"I had no regrets about leaving. I had so much anger about so many things, about where the band had gone… I basically gave Limp Bizkit the middle finger. Our manager, Jordan Schur, who also signed the band, started calling me about two years later, just sawing away: 'Please come back. Please talk to Fred. Please talk to the guys.' It took almost two years to get me and Fred in a room together again.
"At the time, it seemed that we might possibly be on the same page, so we tried to make a record without going on tour. The whole thing was a commercial and artistic failure.
"The record that came out, The Unquestionable Truth, which was released in 2005, is not a record that I stand behind. Now we can look back at it and say there are some cool things on it, but it's not our best work. After that album, I didn't so much leave the band than we all seemed to scatter. Everybody left and went different directions."
So what changed in 2009 when you rejoined again?
"Here's what happened: Jordan again started sawing away at me, and he said we should tour first before making a record. I said no – no way. But then I found myself thinking about it in the middle of the night, and so I said to myself, 'OK, I'm going to call Fred. I'm going to go see what he's like now.'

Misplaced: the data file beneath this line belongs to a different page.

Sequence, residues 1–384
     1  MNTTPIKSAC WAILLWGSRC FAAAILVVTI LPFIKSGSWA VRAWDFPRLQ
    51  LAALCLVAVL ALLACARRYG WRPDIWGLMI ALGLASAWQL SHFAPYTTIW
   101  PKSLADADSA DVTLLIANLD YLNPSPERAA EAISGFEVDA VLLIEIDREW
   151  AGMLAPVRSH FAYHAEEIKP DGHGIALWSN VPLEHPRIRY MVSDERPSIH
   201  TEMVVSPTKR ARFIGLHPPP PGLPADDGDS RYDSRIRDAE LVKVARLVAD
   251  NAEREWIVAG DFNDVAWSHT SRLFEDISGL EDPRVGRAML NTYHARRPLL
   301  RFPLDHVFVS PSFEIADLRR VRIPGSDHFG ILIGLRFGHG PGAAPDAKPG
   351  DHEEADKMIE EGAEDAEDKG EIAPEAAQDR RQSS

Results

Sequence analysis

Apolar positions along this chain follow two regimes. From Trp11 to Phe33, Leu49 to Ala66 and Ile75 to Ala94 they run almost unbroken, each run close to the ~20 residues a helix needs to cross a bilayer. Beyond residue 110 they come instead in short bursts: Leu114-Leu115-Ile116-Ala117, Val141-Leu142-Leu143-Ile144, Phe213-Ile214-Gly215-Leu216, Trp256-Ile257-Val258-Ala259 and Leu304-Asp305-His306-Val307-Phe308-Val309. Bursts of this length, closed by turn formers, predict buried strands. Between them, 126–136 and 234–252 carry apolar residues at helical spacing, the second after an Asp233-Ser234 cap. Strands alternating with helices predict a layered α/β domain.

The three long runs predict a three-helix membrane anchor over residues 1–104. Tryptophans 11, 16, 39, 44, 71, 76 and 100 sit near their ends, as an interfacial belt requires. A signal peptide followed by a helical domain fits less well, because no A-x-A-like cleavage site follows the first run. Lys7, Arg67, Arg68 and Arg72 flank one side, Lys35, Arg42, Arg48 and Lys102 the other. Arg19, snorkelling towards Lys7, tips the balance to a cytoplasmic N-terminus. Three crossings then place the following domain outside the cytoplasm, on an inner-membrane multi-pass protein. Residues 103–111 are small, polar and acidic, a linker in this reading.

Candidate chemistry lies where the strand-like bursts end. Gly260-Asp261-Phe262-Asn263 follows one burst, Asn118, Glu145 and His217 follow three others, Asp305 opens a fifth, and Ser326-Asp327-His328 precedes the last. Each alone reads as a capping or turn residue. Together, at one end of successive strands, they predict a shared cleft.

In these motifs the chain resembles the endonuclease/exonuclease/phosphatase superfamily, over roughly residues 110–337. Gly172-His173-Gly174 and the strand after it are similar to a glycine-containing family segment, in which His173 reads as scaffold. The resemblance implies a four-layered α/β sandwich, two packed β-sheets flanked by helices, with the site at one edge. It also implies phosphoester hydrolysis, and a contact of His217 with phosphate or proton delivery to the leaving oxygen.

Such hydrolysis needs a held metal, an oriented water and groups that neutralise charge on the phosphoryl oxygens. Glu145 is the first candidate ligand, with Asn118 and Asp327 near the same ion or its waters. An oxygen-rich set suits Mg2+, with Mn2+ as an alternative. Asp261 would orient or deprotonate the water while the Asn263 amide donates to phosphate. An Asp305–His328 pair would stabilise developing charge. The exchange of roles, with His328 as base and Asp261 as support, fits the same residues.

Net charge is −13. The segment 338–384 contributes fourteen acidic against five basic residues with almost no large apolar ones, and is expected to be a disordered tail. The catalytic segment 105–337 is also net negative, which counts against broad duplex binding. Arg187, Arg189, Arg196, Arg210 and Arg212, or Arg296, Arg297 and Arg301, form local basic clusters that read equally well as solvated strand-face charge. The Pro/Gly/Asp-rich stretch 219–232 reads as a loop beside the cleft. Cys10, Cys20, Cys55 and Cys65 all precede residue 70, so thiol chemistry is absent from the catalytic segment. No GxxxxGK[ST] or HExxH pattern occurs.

"The next day I went to Jordan's house to have a drink with Fred, and I couldn't remember what I was mad about anymore. Everything about him and the situation felt new again. Maybe it was just the fact that we were older, I don't know. But I do know that I sat there thinking, I'm not going to hold on to any past memories. This is a clean slate.
"I felt that we were different, but I mean that in a different way. I accepted the fact that we were different, and I wasn't going to try to change him. He was just as sensitive to me in many ways, to the point of realizing that I'm good at things that he isn't and vice-versa. It's a very bizarre bubble we're in."